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Yankees' Aroldis Chapman can't believe Jose Altuve homered, but the closer didn't need to challenge him

Yankees relief pitcher Aroldis Chapman (54) watches after

Yankees relief pitcher Aroldis Chapman (54) watches after Houston Astros second baseman Jose Altuve (27) smacked a homer in the ninth inning in Game 6 of the ALCS on Saturday, Oct. 19, 2019, at Minute Maid Park in Houston. Credit: Newsday/Thomas A. Ferrara

HOUSTON — Aroldis Chapman may have made two mistakes in the bottom of the ninth inning on Saturday night.

The most obvious was the 2-and-1 slider that Jose Altuve hit over the leftfield wall for a two-run homer to give the Astros a 6-4 win and a series win in Game 6 of the ALCS at Minute Maid Park.

The other mistake may have been one of bravado. Chapman didn’t have to challenge Altuve at all there, especially after falling behind 2-and-0 to the 2017 AL MVP.

Sure, there was a man on first base after Chapman walked George Springer with two outs. But hitting behind Altuve was Jake Marisnick, who came into the game in the eighth as pinch runner and stayed in the game in centerfield.

Marisnick is known for his glove. He is not known at all for his bat. He is a .227 career  hitter who was 1-for-3 in the ALCS.

Even if it meant moving the potential series-ending run to second base, did Chapman think about pitching more carefully to Altuve, especially after he fell behind 2-and-0?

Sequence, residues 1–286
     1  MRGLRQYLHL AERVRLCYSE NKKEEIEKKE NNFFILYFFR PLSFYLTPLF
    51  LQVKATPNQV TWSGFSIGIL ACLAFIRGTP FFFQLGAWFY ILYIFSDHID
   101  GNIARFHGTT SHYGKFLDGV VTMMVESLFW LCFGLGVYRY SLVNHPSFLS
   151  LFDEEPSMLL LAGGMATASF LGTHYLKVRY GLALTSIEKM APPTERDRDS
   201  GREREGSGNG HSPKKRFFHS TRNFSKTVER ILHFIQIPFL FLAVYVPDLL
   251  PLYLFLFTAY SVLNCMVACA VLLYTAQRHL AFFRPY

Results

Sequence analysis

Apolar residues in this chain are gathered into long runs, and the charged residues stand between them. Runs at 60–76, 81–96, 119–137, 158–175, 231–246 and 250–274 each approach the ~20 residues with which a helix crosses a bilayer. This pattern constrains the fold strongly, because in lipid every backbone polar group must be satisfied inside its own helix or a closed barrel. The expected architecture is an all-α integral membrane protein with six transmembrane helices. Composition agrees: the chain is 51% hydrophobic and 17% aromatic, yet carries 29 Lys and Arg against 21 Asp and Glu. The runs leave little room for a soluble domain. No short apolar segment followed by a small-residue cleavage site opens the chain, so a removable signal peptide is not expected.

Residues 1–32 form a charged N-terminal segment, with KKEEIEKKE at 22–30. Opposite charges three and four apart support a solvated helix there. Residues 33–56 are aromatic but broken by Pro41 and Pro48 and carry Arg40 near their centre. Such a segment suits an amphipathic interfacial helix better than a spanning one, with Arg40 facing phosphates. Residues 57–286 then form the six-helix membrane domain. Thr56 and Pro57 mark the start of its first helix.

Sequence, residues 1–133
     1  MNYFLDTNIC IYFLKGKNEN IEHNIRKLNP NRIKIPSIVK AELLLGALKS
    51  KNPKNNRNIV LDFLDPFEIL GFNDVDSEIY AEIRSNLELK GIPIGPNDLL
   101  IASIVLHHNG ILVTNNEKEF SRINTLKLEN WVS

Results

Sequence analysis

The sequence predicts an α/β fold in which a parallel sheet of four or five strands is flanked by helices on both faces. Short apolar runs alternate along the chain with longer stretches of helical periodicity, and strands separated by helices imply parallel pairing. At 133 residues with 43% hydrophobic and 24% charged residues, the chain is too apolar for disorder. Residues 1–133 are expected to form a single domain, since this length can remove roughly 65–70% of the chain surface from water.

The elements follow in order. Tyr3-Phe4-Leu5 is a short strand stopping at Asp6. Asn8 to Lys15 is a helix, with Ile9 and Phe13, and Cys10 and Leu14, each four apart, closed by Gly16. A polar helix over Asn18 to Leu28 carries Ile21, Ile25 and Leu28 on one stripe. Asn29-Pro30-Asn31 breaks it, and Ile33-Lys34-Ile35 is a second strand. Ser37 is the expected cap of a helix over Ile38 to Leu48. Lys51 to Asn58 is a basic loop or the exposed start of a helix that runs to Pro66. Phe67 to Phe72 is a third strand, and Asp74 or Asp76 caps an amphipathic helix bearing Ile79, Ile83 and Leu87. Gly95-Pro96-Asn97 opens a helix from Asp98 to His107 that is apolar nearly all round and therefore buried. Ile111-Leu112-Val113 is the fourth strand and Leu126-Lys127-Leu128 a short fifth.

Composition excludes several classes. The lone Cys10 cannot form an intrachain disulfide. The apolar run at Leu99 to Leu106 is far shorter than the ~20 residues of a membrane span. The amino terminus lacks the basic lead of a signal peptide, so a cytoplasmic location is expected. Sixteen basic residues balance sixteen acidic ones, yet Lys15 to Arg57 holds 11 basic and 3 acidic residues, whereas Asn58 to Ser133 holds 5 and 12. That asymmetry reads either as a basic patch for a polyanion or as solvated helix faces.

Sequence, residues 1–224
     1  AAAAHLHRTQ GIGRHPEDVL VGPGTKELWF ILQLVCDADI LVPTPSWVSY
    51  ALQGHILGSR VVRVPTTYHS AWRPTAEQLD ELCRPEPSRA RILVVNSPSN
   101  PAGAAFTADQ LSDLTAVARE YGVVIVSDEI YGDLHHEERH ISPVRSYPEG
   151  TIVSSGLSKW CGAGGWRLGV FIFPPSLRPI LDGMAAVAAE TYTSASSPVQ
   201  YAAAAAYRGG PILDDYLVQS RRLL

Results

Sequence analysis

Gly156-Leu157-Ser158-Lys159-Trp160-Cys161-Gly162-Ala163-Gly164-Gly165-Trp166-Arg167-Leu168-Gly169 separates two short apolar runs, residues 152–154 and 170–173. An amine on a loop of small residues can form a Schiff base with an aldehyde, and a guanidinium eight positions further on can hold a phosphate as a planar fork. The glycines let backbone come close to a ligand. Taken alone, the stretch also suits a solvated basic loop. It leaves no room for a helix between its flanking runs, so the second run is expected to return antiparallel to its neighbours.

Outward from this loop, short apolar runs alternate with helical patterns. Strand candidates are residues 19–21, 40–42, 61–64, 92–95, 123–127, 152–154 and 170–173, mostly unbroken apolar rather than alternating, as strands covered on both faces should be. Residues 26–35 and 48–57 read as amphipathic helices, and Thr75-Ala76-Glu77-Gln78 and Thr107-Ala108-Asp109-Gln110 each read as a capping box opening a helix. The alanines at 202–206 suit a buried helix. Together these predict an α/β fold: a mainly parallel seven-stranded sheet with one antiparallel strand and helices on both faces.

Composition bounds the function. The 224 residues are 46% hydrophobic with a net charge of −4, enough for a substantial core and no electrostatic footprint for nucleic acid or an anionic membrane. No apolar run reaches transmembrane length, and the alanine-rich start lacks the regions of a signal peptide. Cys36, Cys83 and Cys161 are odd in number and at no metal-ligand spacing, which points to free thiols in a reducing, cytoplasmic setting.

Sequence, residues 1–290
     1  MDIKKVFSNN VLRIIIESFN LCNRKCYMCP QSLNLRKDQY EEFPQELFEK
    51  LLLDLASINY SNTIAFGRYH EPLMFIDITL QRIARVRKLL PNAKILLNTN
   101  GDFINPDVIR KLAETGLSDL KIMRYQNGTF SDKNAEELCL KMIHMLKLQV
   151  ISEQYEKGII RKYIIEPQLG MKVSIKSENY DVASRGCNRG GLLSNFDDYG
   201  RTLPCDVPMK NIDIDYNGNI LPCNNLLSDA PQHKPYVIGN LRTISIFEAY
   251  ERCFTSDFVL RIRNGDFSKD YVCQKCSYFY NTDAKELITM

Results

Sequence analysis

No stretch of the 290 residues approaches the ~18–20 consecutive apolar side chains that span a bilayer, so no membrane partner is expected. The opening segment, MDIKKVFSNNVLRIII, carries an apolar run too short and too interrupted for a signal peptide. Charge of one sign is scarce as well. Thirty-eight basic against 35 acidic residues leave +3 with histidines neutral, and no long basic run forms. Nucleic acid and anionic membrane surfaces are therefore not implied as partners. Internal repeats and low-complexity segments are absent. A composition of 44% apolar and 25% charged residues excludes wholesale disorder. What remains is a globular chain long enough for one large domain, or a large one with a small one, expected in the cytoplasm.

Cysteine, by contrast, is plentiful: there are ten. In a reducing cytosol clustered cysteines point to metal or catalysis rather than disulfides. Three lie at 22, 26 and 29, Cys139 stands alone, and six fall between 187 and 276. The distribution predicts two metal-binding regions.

“Not at all,” Chapman said through his interpreter. “Every time I go out there it’s going to be a battle and it doesn’t matter who I’m facing. It doesn’t matter if it’s the best or worst hitter in the league, I’m always going to go out and challenge that hitter. Throughout my career, I’ve faced everybody the same way with the mindset of attacking them and getting them out.”

Manager Aaron Boone was asked about whether Marisnick being on deck should have been a factor in how the Yankees approached Altuve.

“Certainly not a walk, an intentional walk situation,” Boone said. “But kind of pitching him aggressively like you're ahead the whole time. And I think Chappy did. He just hung a breaking ball. That's obviously a pitch he's trying to not give in and probably get down and out of the zone, see if you get a chase or something and he hung it . . . It's going to happen. I thought Chappy hung a pitch and a great player got him.”

That’s the whole point — the great player didn’t have to get him.

After the homer, Chapman stood on the mound with a smile of disbelief and held his pose — something he usually does after a save.

“I couldn’t believe it,” he said. “I couldn’t believe he hit that ball. Tough time in the game. He hit the ball well and for that split-second I just couldn’t believe it.”

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